History | Postcolonial Theory and Historiography
H680 | 27574 | Dodson


A portion of the above class reserved for majors
Above class open to graduates only

This class will serve as an introduction to the diverse body of
critical thought which has developed in the last several decades
surrounding issues of power, culture, discourse, and identity in the
colonial/postcolonial world.  As such, it should be of interest to
those graduate students in History, English, Cultural Studies,
Anthropology, and related disciplines, who are studying any variety
of colonial or imperial relationships, non-Western contexts, as well
as those interested in furthering their knowledge of critical
historical methodologies.

The semester’s class meetings are broken into two sections.  For the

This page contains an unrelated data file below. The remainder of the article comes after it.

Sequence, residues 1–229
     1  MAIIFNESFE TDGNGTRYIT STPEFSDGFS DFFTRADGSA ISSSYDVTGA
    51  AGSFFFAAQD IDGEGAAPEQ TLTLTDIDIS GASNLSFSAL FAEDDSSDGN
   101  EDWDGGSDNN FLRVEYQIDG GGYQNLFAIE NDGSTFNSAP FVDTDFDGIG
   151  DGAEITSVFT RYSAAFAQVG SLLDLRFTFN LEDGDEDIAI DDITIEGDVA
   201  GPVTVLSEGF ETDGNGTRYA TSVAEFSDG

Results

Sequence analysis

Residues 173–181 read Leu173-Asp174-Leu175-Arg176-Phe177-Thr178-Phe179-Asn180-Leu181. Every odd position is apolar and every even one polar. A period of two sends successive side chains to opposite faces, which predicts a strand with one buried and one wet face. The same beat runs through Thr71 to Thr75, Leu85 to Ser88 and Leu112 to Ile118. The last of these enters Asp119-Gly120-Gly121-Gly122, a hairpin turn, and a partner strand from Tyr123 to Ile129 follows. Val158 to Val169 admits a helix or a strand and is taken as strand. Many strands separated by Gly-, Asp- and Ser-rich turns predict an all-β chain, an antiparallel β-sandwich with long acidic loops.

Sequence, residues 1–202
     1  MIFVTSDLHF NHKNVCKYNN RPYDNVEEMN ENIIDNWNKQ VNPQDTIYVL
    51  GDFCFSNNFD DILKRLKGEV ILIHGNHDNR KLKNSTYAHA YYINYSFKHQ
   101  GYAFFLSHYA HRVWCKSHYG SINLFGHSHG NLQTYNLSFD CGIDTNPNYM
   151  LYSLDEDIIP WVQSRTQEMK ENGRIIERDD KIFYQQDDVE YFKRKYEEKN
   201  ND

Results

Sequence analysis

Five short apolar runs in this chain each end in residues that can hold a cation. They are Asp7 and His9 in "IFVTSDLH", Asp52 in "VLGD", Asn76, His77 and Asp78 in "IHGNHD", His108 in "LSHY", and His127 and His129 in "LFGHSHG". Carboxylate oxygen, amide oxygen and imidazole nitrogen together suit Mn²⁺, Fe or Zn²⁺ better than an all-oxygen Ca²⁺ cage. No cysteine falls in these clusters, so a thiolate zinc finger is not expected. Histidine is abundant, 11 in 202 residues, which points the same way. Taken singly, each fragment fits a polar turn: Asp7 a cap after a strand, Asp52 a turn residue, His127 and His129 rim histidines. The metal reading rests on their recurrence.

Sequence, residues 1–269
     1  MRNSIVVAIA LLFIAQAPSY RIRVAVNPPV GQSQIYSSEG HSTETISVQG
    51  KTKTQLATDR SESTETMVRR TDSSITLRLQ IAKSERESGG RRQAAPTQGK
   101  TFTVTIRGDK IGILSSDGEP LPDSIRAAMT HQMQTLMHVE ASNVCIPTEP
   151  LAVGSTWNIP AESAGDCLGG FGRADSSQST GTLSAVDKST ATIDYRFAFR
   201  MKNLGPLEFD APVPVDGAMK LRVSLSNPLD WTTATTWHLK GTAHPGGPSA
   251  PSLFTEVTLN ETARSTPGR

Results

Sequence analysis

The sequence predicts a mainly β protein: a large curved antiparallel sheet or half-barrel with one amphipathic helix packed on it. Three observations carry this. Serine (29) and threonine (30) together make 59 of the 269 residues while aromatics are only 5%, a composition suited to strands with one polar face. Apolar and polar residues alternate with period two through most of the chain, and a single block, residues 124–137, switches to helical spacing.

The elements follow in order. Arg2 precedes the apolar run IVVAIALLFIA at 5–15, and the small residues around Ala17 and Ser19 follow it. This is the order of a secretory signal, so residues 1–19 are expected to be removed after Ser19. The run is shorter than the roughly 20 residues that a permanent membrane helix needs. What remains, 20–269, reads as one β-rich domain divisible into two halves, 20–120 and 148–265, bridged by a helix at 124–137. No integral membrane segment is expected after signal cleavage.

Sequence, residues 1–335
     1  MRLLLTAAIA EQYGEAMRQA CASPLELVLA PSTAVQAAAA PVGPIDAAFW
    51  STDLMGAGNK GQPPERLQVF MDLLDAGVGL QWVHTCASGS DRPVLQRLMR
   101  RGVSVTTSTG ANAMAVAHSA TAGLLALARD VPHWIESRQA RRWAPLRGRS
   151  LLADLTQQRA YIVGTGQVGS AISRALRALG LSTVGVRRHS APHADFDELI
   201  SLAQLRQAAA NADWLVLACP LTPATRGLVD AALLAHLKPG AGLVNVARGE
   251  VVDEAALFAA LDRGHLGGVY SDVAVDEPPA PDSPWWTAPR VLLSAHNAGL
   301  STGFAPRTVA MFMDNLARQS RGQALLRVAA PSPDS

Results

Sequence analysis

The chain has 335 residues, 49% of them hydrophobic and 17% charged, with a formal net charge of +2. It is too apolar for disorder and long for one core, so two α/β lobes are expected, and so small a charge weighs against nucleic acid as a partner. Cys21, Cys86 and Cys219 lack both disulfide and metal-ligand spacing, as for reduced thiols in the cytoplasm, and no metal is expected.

first half of the semester we will read and discuss some of the
foundational texts and moments in the development of postcolonial
theory.  We will begin with a discussion of Edward Said’s 1978
text, "Orientalism," together with some critiques and more recent re-
evaluations of Said’s importance.  The principal issues which Said
raises, including the nature of representation, power relations
between groups, and possibilities for resistance to the dominant,
will then be discussed by reference to some of Said’s own pre-
cursors, including Michel Foucault, Antonio Gramsci, and Franz
Fanon.  More recent postcolonial scholarship will then be
considered, including the “linguistic turn” of Homi Bhabha, and the
Marxist-inspired Subaltern Studies Collective.

The readings during the second half of the class will be driven by
the interests of graduate students themselves.  For example, we may
wish to spend this time discussing issues as diverse as the
influence of anthropological theory upon history writing; theorising
the use of visual media in critical theory; issues of gender and
sexuality; negotiating travel writing as a historical source; the
idea of globalization and its relationship to imperialism; and so
forth.

Students will be evaluated equally upon the basis of short weekly
reaction papers, participation, and a final essay.